10 MONTHS BEFORE:
TACKLE YOUR EXISTING DEBT
Smart buyers enter into home ownership with as little extraneous debt as possible.
TIP Focus on bringing your credit card balances to less than 50% of the maximum amount allowed. Credit cards that are at capacity hurt your score.

8 MONTHS BEFORE:
LIVE ON LESS
Home ownership comes with expenses that renting doesn’t: property tax, utilities such as water and heat, and so on. Start putting aside those amounts every month to help you prepare to take these bills on when you are a homeowner.
TIP Park the money in a no tax high-interest savings account and apply it to your closing costs later.

6 MONTHS BEFORE:
RESEARCH MORTGAGE RATES AND COMPARE
Banks and mortgage brokers can sometimes offer different rates. Keep your options open and take the time to do some research on both. Compare what kind of mortgage each one can secure, what their best rate is and what documentation they will need from you.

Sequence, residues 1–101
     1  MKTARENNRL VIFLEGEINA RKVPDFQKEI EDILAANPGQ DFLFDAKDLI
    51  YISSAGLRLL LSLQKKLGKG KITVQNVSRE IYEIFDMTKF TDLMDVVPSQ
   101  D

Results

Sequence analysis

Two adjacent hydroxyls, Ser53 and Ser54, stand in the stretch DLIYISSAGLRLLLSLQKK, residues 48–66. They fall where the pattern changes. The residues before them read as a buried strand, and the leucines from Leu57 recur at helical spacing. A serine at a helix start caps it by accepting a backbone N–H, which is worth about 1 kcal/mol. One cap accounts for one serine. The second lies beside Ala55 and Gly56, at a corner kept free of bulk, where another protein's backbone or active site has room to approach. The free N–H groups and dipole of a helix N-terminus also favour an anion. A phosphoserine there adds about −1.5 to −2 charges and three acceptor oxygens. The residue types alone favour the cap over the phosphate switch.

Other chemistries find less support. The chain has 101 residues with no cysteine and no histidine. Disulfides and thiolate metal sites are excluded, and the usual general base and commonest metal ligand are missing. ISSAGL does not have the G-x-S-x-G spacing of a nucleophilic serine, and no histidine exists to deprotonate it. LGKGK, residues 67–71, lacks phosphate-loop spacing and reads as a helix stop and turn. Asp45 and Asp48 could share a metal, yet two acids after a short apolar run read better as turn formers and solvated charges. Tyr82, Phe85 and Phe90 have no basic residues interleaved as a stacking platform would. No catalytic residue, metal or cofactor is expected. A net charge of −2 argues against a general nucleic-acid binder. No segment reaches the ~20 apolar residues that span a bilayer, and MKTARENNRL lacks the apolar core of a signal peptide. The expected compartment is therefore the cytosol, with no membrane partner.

TIP There’s no such thing as being too prepared! Speak to at least two different banks and one or two mortgage brokers and compare, so you get the best rate you can.

mortgage approval

4 MONTHS BEFORE:
ASSEMBLE THE PAPERWORK AND APPLY FOR A MORTGAGE
Most mortgage pre-approvals are valid for three months, but your broker (or bank) will need time to process your application. TIP Order your credit report yourself. Why? When someone else (such as your broker, who needs a copy) orders your report, that’s a query that is reported to the credit agencies, and it can impact your standing. When you pull the report yourself, there is no impact on your credit standing.

3 MONTHS BEFORE:
START HOUSE HUNTING!